Built in 1794 as a private residence and later converted to a stagecoach stop, this meticulously maintained inn on the national historic registry has good-size rooms (several with working fireplaces) and an unfussy, authentic style, with polished wide-board floors, painted walls, and antiques. The sitting room has the only intact "birdcage" bar—a semicircular bar surrounded by wooden slats, designed to prevent thirsty Colonials from reaching across and helping themselves—in
the country. Breakfast is cooked to order and served in the keeping room, where travelers have dined for centuries.
Jul 5, 2005
The historic property is very well maintained by the innkeepers, but the customer service was very poor. When I booked, it was for a specific room for 3 nights, then when I called to confirm the day before arrival, they all of a sudden said that we'll have to switch rooms mid-stay. We pleaded for one room for all three nights especially since I'm 9 months pregant. Switching is not ideal. They were able to put us in another (not-as-nice) where we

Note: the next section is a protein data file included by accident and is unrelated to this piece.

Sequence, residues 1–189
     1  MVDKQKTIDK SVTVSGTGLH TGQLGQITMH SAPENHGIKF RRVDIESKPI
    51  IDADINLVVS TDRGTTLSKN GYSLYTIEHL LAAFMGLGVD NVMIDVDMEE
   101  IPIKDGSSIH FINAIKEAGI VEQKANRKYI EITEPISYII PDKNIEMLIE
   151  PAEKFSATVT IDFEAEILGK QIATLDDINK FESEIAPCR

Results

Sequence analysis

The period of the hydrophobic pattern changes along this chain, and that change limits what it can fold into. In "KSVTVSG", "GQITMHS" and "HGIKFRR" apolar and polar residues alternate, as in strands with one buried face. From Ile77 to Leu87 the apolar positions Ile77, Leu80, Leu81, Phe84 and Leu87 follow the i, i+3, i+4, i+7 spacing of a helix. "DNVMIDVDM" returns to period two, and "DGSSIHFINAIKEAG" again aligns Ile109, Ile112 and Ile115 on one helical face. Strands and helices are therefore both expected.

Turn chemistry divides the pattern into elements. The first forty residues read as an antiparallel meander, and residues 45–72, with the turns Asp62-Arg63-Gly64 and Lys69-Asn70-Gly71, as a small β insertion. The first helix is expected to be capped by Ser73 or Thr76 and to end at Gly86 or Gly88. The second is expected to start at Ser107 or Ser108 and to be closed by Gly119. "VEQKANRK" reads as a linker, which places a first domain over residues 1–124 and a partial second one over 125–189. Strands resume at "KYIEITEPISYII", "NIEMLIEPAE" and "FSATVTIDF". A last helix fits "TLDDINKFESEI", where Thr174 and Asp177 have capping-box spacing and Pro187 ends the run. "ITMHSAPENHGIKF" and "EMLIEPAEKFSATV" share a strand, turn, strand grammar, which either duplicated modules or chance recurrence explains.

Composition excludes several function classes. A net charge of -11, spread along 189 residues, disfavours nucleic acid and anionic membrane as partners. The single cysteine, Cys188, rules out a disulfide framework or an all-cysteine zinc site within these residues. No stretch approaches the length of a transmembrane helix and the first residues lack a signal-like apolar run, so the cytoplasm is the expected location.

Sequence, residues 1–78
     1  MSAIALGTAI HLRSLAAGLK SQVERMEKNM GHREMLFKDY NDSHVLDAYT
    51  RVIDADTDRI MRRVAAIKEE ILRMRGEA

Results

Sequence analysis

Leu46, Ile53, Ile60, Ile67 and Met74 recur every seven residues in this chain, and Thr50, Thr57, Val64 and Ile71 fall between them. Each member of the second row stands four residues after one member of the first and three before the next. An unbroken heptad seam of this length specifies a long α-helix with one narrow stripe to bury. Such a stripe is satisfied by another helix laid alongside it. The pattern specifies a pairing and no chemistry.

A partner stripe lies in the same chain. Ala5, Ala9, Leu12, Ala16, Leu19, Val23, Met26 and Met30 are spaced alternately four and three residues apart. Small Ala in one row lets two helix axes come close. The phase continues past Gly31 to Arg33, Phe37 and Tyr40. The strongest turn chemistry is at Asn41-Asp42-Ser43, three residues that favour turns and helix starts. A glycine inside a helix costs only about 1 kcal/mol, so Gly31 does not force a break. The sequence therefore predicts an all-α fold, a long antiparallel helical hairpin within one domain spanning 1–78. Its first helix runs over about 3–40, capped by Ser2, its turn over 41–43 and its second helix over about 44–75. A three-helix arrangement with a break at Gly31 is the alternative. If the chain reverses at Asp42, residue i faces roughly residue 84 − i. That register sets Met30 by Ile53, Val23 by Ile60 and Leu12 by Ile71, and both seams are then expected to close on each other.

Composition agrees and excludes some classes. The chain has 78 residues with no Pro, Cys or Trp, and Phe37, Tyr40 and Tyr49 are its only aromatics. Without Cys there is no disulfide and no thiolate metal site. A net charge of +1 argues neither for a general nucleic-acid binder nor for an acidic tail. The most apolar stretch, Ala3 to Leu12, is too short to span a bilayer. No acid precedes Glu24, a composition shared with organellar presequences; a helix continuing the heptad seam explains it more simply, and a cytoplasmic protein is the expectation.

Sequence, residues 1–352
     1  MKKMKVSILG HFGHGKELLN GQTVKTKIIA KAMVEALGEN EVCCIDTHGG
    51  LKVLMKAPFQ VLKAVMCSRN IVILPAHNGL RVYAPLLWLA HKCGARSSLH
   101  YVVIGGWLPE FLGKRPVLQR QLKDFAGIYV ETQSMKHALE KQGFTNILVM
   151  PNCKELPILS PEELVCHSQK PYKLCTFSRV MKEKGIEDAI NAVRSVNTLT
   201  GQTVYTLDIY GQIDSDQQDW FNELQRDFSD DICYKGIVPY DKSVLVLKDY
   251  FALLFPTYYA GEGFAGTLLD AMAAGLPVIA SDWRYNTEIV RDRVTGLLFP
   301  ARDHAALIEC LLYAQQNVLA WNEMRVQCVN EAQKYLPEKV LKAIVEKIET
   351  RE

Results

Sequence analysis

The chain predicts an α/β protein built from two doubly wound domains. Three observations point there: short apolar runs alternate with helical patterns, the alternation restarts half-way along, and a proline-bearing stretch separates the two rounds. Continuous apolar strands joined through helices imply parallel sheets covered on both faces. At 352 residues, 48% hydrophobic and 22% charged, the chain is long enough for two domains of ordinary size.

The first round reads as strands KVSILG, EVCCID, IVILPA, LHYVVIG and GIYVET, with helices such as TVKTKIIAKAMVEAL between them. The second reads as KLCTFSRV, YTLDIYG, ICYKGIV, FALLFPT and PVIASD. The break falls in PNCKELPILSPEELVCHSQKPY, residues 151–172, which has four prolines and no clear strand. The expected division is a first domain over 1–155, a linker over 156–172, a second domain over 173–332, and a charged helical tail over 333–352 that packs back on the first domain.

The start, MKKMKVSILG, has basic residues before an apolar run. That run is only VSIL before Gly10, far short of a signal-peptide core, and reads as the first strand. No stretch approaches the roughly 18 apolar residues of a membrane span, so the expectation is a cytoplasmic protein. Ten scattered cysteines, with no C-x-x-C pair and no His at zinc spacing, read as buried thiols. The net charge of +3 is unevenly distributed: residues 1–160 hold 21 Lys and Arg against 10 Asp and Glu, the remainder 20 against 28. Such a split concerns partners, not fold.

can stay all three nights, but it was on the 3rd floor--not great for 9 months pregnant. And the innkeeper didn't even offer to help carry the bags I had to haul (my husband's hands were full as well) up all the flights. So customer service is so sub-par that even if the Inn is charming, I'd rather stay someplace where the hospitality is just as charming.